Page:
New lease of life for 134 retired trams in Victoria

A W-Class Melbourne tram. Photo: Adam Carr.
A W-Class Melbourne tram. Photo: Adam Carr.

Prospective parties have been asked to explain how they would restore, repurpose and maintain one of 134 retired trams in Victoria, Australia, as bidding for the iconic fleet is set to begin.

Once tasked with transporting thousands of passengers each day, the trams have been gradually phased out of Melbourne’s transport network as the system has been modernised and no longer meet updated safety and accessibility requirements.

The Newport Workshops rolling stock refurbishment facility is the current home for a total of 237 retired trams, of which three Z-Class, 44 W-Class and 87 SW-Class trams of varying conditions are being made available.

Offering residents a chance to acquire a part of the state’s history, while also preserving the assets for future generations, the Victoria government has announced that an expression of interest (EOI) process will begin on May 28.

Parties from around the world are welcomed to express their interest in acquiring a tram but educational institutes, community groups and not-for-profit organisations have been encouraged to apply. Under the Retired Trams Strategy, these groups will be able to access one of the trams – which are being priced at $1,000 – for free.

The EOI process will close on July 6 from which point an independent panel will assess each bid, giving priority to those that ensure the trams remain accessible to and enjoyed by the public and provide a demonstrable community benefit.


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Photo: Victoria government.
Photo: Victoria government.

Previously repurposed trams have become cafes and classrooms.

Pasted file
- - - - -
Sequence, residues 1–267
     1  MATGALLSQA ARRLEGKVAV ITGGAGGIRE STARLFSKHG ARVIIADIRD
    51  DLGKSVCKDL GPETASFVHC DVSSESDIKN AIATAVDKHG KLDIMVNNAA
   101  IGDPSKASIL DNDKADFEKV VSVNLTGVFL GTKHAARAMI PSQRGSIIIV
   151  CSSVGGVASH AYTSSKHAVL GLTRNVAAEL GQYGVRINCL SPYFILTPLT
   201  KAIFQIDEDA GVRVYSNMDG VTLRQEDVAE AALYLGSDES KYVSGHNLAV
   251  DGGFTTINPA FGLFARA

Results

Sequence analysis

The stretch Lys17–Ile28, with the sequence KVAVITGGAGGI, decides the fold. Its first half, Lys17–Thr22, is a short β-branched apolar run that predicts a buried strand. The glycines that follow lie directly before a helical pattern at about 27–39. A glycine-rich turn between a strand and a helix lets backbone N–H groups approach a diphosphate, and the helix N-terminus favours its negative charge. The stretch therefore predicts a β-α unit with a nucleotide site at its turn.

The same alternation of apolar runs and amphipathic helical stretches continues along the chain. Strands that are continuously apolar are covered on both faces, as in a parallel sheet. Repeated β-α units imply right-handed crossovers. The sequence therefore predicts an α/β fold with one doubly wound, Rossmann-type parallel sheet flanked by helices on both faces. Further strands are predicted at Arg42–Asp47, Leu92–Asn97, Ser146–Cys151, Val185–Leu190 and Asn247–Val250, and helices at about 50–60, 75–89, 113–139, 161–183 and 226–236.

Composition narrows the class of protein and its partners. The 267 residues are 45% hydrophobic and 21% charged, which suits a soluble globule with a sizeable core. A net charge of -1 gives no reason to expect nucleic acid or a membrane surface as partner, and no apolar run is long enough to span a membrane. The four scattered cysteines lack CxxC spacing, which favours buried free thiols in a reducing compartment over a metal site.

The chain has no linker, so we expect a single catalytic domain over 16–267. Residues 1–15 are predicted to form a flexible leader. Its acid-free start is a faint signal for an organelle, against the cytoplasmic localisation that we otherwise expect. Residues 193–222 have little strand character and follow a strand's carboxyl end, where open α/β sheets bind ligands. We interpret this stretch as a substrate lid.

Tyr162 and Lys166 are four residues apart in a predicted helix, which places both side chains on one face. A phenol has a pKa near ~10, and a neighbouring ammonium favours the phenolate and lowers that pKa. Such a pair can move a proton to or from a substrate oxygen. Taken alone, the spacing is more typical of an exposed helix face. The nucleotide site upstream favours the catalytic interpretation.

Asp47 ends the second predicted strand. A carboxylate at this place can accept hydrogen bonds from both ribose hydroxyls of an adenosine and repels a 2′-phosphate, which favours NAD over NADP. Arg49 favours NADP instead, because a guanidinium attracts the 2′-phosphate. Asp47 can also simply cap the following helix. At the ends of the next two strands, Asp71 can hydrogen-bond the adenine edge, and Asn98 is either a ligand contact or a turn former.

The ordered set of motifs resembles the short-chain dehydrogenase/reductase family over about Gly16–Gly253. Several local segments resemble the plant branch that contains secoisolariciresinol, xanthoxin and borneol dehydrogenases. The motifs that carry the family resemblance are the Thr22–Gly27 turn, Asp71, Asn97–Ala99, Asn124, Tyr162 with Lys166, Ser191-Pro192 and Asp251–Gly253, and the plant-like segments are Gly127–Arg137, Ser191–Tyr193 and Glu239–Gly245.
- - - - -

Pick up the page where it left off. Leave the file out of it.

Rail infrastructure manager VicTrack advised that it could cost up to $650,000 to restore one of the trams to working order but that “under no circumstance” will they be able to operate on the Melbourne tram network due to operational, safety and accessibility reasons.

Victorian transport minister Jacinta Allan said: “If they’re not going to be used on the network, we want to keep these trams accessible to the community.

“These Victorian icons will now be available to come to life once again and preserved for future generations to enjoy.”

The EOI follows an assessment from an expert stakeholder group of the total fleet of 237 retired trams, to help give them a new lease of life.

Other retired trams, including the art trams, advertising trams, and a small number of other trams which will be preserved for potential re-purposing in the future, are not part of the EOI.

Click here if you are interested in acquiring one of the trams from the Victoria government.


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Electrification, traction power supplies and distribution networks


Peter Stanton undertook, between 1968 and 1972, a ‘thin sandwich’ degree course at City University, London, sponsored by British Railways Midlands Region and with practical training at Crewe and Willesden.

In 1980, following a spell as Area Maintenance Engineer at King’s Cross, Peter took on the interesting and challenging role of being the Personal Assistant to the British Railways Board Member for Engineering. As such, he was project manager for several major inter-regional inter-functional schemes.

Under Railtrack, Peter became Engineering Manager for Infrastructure Contracts, based in Birmingham, and then Electrification and Plant specialist for the West Coast Route Modernisation under Network Rail.

Since 2007, as an independent consultant, he has worked on the national electrification programme, Dubai Metro Red Line, Network Rail Crossrail, and Great Western Electrification. He sits on the Railway Technical Advisory panel of the IET and the Conference and Seminars Committee of the Railway Division of the IMechE.

4 COMMENTS

  1. Toronto Ontario Canada and Montreal is always scrapping used streetcars/trams subways and buses most are still working something should be done about this to reuse around the city or other areas of the country rather than going to scrap yards does not take much thought to send to scrap yards

  2. Toronto Ontario Canada and Montreal and other Canadian cities are always scrapping used streetcars/trams subways and buses most are still working something should be done about this to reuse around the city or other areas of the country rather than going to scrap yards does not take much thought to send to scrap yards close by

  3. the city of Toronto Ontario Canada and Montreal and other Canadian cities are always scrapping used streetcars/trams subways and buses most are still working something should be done about this to reuse around the city or other areas of the country rather than going to scrap yards does not take much thought to send to scrap yards close by

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